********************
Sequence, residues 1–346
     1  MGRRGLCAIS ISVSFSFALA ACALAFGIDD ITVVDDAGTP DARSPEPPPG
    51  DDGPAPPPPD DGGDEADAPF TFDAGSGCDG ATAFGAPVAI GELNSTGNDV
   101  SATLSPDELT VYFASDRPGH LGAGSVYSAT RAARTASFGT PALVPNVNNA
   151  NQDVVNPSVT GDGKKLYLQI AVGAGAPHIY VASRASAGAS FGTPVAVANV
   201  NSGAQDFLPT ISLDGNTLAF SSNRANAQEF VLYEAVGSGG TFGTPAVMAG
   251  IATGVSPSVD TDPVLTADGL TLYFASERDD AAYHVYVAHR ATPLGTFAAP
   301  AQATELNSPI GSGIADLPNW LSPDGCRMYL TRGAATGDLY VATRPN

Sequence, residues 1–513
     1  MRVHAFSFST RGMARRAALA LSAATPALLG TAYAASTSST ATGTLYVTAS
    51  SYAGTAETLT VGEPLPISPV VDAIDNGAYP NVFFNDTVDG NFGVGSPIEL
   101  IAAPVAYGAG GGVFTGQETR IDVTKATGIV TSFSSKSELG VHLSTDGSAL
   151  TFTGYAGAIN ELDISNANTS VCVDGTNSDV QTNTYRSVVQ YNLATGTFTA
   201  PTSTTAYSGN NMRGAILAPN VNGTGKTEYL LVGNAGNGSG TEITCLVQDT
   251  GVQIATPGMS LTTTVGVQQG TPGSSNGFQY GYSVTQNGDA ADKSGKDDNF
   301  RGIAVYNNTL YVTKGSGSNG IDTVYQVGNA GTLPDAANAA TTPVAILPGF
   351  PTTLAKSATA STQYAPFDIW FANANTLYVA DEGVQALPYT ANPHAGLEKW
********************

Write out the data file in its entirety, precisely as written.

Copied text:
Sequence, residues 1–346
     1  MGRRGLCAIS ISVSFSFALA ACALAFGIDD ITVVDDAGTP DARSPEPPPG
    51  DDGPAPPPPD DGGDEADAPF TFDAGSGCDG ATAFGAPVAI GELNSTGNDV
   101  SATLSPDELT VYFASDRPGH LGAGSVYSAT RAARTASFGT PALVPNVNNA
   151  NQDVVNPSVT GDGKKLYLQI AVGAGAPHIY VASRASAGAS FGTPVAVANV
   201  NSGAQDFLPT ISLDGNTLAF SSNRANAQEF VLYEAVGSGG TFGTPAVMAG
   251  IATGVSPSVD TDPVLTADGL TLYFASERDD AAYHVYVAHR ATPLGTFAAP
   301  AQATELNSPI GSGIADLPNW LSPDGCRMYL TRGAATGDLY VATRPN

Sequence, residues 1–513
     1  MRVHAFSFST RGMARRAALA LSAATPALLG TAYAASTSST ATGTLYVTAS
    51  SYAGTAETLT VGEPLPISPV VDAIDNGAYP NVFFNDTVDG NFGVGSPIEL
   101  IAAPVAYGAG GGVFTGQETR IDVTKATGIV TSFSSKSELG VHLSTDGSAL
   151  TFTGYAGAIN ELDISNANTS VCVDGTNSDV QTNTYRSVVQ YNLATGTFTA
   201  PTSTTAYSGN NMRGAILAPN VNGTGKTEYL LVGNAGNGSG TEITCLVQDT
   251  GVQIATPGMS LTTTVGVQQG TPGSSNGFQY GYSVTQNGDA ADKSGKDDNF
   301  RGIAVYNNTL YVTKGSGSNG IDTVYQVGNA GTLPDAANAA TTPVAILPGF
   351  PTTLAKSATA STQYAPFDIW FANANTLYVA DEGVQALPYT ANPHAGLEKW